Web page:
^^^ While I agree with the above post, there are exceptions for regulatory rather than performance reasons to have AWD, like here in California. As most of the state's population lives below 1,000 feet and only has to deal with snow if they go skiing, the highway patrol normally skips right from 'no chains' (R0) to "Chains or 4/AWD with snow tires" (R2), so 2WD with snow tires doesn't eliminate the (legal) need for chains. As accessing some of the ski areas may require ascents followed by descents enroute, you may have to chain and de-chain more than once (sometimes each way), or else wreck your chains and/or tires by driving on bare pavement for considerable distances. BTDT, and bought my first Subaru 4WD wagon 30 years ago as a result. The lack of hassle was easily worth the $1,500 or so extra for 4WD plus a couple mpg less (but still better than the car I was using before that), as I skiied a lot.
That was followed by my current AWD Forester tall wagon/short CUV, for the same reason. I'd personally prefer an AWD wagon (like a Golf All-Road Sportwagen) to a CUV as I almost never drive on unplowed roads and don't drive on jeep trails, so have no need for the extra ground clearance - my first Subie had just 4.5" and only once was that an issue, when I decided to try driving on a road with about 6" or so of fresh snow on it just to see what happened, i.e. I didn't need to. Gave that up as a bad job within 1/4 mile or so (had to back it the whole way). I have benefited from 4/AWD a couple of times getting up steeper snow-covered driveways/roads. My Forester has 7.5" of clearance which is excess for my needs, although it may have allowed me to drive a bit faster on a dirt road or two. I'd be fine with splitting the difference, say 5" to 6" of ground clearance.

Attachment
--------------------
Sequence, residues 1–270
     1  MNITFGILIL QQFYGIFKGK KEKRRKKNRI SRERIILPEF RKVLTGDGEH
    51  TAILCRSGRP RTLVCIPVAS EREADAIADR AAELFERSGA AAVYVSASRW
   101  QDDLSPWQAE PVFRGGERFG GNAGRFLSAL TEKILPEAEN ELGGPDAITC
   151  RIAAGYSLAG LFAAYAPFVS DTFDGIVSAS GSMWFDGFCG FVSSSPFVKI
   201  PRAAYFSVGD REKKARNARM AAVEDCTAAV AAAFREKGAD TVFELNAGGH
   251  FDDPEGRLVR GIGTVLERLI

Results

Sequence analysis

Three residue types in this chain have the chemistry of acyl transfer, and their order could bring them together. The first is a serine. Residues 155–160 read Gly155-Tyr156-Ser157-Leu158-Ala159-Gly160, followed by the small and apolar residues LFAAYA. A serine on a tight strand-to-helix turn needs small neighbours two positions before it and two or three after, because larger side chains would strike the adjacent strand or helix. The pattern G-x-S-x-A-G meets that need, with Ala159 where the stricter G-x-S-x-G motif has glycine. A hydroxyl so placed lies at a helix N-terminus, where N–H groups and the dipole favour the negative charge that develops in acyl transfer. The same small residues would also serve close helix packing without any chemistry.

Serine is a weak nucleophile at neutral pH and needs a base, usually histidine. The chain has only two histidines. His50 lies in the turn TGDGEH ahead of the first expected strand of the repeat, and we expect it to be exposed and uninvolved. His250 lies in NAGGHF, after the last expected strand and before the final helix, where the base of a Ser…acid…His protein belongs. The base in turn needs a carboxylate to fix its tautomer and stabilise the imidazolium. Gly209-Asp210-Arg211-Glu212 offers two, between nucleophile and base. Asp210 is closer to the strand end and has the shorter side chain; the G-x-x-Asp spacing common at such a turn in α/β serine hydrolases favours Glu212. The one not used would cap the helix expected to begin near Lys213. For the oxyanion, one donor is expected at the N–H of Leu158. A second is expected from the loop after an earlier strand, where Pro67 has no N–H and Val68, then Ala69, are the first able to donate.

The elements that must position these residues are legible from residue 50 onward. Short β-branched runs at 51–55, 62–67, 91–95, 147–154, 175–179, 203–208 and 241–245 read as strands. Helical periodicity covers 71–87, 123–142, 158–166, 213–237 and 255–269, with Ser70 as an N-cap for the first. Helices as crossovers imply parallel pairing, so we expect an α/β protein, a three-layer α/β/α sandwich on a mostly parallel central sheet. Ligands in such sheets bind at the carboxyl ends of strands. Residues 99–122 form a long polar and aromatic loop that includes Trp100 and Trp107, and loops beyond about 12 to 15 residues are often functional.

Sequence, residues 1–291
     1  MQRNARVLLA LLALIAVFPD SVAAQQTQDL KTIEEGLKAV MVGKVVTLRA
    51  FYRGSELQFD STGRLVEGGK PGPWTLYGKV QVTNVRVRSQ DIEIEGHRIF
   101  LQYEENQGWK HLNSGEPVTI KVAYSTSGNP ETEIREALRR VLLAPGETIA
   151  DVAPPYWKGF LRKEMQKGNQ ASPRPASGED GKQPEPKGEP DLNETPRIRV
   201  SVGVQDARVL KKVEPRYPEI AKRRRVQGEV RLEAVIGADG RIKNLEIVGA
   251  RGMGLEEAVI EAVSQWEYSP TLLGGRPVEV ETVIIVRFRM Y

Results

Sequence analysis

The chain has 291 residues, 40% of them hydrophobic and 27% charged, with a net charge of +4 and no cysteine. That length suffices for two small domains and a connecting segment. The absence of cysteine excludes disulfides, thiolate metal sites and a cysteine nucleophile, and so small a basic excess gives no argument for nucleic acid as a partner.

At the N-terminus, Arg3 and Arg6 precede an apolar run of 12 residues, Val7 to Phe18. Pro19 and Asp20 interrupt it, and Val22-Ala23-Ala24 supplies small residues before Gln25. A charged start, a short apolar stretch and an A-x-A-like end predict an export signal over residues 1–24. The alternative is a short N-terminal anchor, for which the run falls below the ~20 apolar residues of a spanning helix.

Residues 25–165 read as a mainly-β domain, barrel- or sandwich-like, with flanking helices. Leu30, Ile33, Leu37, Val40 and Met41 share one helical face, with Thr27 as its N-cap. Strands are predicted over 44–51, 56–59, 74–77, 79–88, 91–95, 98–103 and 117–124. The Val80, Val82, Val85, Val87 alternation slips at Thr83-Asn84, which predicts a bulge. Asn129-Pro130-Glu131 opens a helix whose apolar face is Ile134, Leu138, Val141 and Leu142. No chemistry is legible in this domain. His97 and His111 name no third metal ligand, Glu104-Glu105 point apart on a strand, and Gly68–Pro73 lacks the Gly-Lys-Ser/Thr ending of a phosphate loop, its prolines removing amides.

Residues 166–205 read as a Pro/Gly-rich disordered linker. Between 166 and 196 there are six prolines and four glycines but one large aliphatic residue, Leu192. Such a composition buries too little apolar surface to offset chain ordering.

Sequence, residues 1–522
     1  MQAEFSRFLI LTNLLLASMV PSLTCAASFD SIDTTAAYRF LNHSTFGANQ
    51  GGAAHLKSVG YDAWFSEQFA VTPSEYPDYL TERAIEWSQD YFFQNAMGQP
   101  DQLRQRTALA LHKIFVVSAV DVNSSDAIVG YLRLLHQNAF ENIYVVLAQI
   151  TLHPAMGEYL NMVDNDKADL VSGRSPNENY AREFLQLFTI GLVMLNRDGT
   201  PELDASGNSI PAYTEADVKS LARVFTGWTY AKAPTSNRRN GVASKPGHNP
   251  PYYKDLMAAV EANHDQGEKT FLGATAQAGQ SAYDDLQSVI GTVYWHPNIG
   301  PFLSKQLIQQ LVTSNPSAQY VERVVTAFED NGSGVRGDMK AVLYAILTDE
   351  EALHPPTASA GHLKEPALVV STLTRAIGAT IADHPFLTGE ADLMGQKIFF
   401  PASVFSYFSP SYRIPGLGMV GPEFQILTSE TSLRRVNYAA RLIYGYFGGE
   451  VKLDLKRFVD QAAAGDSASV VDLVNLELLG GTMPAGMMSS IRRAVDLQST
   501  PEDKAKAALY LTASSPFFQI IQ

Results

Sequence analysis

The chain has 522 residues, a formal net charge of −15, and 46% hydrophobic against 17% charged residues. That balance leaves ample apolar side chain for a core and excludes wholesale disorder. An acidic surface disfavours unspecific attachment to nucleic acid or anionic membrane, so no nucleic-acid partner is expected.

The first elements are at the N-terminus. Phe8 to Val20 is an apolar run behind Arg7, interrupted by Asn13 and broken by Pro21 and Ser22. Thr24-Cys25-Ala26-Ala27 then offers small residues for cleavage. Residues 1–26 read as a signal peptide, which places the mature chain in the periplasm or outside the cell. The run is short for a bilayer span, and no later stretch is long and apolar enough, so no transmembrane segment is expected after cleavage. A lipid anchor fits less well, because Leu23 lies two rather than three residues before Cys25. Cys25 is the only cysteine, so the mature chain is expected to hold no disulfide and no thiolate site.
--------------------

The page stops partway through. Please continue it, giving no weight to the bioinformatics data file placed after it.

There is one other advantage that CUVs may provide compared to more aerodynamic cars (like the Prime/Volt), although it depends heavily on how much the manufacturer emphasizes the 'U' over styling, and that's outwards visibility. Large window area matters to eliminate blindspots at the rear and (right) rear quarters. Some CUV manufacturers throw this advantage away by adding steeper-sloped beltlines and thick and/or sloped B and C pillars, I suspect in many cases for style rather than strength (I'm talking to you, Buick Encore). This may make the vehicles look less boxy, but reduces their safety. Others (e.g. Model X) also slope the rear hatch glass closer to horizontal than vertical, which helps drag/looks but eliminates cargo space and makes looking rearwards (past/around big headrests) often like peering down a long obstructed tunnel. Subaru wagons/CUVs tend to be short on style compared to many of their competitors precisely because the company knows that their customers care more about being able to see out than they care about the vehicle's external appearance - Volvo wagons tended to have the same emphasis. See:https://www.consumerreports.org/cars-cars-with-the-best-and-worst-visibility/
Aerodynamic cars like the Prime/Volt/Ioniq, with rear hatches and windows that are closer to horizontal than vertical provide some of the worst rearward visibility I've seen, and I really hate rear windows split by a horizontal bar. Rear view cameras, especially like the one in the Bolt which can be displayed on the rear view mirror, are one solution to rear view, although that makes you dependent on expensive tech. Eventually AVs and/or 360 deg. cameras with some level of virtual reality may eliminate the visibility issues, but most people who think about safety when driving in snow tend to weigh outward visibility and other safety features a lot higher than exterior styling.